As his wire manufacturing company was being established, Ichabod Washburn was also establishing himself as an effective and well respected businessman within the Worcester community. He was the deacon of his church and contributed greatly to cultural institutions (Nutt 62). He truly loved the city and the city loved him back. His partner and son-in-law Philip Moen was held in equally high esteem, viewed by those who worked with him as "kind, courteous and frank," and proved a worthy successor to Washburn when he passed away (Nutt 30). Moen was also involved in the community at large, working as a trustee of two banks, the Memorial Hospital and the Home for Aged Men. The respect commanded by these two men within the community prompted Worcester to be willing to work with Washburn and Moen Manufacturing in order to assure its continued success. After all, it seemed that what was good for Washburn and Moen was good for Worcester.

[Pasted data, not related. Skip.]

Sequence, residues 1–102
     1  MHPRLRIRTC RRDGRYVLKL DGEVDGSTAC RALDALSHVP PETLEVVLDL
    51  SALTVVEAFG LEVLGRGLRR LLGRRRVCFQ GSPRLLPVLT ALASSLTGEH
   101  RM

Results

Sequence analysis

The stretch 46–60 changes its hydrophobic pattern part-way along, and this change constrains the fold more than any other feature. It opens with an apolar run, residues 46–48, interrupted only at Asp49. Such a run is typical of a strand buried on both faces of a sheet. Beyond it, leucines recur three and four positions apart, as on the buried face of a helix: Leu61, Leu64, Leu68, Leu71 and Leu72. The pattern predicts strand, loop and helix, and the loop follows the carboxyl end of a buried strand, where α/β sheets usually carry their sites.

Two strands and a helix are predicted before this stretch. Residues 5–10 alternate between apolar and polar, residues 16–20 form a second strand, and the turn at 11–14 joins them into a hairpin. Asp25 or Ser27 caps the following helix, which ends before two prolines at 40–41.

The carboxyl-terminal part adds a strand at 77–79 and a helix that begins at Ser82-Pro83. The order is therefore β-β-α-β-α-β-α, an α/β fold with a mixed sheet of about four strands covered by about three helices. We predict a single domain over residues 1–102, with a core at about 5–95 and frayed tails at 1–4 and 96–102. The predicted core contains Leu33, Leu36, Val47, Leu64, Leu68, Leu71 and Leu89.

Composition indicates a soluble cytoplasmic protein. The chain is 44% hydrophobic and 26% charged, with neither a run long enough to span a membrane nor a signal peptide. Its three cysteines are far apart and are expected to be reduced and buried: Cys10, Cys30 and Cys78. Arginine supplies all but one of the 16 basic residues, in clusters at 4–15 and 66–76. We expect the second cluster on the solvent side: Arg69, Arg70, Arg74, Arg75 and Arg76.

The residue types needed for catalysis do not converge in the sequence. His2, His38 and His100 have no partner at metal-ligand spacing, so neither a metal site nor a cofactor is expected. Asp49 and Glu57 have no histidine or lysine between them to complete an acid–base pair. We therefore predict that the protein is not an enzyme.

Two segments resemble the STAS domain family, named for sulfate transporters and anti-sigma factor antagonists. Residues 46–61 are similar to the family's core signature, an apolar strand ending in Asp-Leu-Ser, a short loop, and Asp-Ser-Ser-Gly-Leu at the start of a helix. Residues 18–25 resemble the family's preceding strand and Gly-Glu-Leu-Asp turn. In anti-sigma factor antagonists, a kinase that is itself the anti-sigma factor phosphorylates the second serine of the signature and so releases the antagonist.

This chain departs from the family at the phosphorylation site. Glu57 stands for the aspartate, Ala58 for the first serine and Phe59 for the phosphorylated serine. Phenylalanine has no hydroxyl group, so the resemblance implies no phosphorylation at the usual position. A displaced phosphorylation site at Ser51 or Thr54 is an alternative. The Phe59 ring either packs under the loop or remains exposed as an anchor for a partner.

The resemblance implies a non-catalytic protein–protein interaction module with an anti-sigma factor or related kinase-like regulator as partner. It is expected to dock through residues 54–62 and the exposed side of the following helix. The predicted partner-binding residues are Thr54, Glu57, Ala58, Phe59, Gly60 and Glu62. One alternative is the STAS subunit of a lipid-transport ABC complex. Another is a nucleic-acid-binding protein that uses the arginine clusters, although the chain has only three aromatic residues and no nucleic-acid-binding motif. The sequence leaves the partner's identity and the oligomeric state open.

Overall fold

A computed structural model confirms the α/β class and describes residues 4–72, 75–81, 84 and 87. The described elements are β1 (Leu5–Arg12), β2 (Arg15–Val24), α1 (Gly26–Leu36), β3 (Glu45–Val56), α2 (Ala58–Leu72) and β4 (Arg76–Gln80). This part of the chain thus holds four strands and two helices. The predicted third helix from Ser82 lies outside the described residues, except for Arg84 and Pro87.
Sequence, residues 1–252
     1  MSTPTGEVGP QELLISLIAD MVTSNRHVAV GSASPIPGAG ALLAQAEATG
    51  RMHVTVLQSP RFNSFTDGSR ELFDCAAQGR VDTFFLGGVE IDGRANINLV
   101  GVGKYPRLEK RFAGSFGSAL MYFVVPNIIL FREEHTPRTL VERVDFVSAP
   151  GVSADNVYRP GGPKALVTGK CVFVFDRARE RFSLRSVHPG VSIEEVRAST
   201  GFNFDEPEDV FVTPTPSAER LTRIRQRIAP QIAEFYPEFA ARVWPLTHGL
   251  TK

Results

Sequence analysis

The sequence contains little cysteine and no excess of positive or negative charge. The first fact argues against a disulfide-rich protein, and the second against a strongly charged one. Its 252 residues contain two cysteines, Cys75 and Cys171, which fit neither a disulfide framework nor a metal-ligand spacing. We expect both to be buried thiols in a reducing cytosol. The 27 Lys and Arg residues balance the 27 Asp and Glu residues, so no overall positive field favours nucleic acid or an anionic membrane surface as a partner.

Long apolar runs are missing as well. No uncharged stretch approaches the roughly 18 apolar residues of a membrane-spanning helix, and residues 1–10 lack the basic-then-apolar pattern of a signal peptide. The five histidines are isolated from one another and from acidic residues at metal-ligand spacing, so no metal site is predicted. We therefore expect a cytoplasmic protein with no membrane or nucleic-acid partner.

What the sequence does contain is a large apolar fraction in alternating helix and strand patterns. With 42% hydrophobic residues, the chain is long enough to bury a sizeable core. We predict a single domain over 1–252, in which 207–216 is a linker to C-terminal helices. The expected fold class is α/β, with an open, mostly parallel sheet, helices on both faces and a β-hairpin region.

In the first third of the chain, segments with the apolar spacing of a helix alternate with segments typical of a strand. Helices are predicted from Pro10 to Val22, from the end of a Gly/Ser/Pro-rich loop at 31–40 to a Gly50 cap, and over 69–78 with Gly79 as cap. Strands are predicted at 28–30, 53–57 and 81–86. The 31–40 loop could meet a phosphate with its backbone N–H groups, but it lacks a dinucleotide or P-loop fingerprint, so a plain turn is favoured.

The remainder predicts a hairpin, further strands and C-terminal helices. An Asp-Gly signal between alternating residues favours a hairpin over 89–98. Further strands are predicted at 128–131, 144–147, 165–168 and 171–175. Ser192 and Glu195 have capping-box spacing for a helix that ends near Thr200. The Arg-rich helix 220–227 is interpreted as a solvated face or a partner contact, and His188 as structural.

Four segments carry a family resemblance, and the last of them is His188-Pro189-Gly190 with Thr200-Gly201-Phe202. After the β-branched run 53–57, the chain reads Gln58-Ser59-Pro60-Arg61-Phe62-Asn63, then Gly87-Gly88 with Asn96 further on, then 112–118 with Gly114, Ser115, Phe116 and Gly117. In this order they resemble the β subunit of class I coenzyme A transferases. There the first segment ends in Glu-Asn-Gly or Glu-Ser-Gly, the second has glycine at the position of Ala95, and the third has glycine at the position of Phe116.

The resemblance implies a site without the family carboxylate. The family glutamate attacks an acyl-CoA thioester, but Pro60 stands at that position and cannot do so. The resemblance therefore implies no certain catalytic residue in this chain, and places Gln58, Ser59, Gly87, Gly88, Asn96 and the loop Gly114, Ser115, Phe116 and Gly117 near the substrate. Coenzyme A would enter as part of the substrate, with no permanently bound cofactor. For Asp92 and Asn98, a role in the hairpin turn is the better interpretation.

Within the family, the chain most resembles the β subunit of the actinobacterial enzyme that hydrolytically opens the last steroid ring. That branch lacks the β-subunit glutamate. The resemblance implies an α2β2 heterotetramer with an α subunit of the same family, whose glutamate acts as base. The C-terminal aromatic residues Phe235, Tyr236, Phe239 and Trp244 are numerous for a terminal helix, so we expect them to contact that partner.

What made the Washburn and Moen Manufacturing Company such a powerhouse within Worcester? While there were many factors involved, one of the most important was innovation. In addition to the steady flow of capital guaranteed from buyers of their wire, civic cooperation made constant experimentation with new techniques and manufacturing methods possible. They were the first company to have continuous tempering of wire, devised the most effective method of producing telegraph wire, and were one of the few only companies in the nation to produce corset wire (Worcester Magazine 177). Washburn and Moen truly demonstrated the importance of research and development in having a successful business. Even in its later years, it was such innovation that kept American Steel and Wire one step ahead, carrying on the rich legacy established by Washburn and Moen.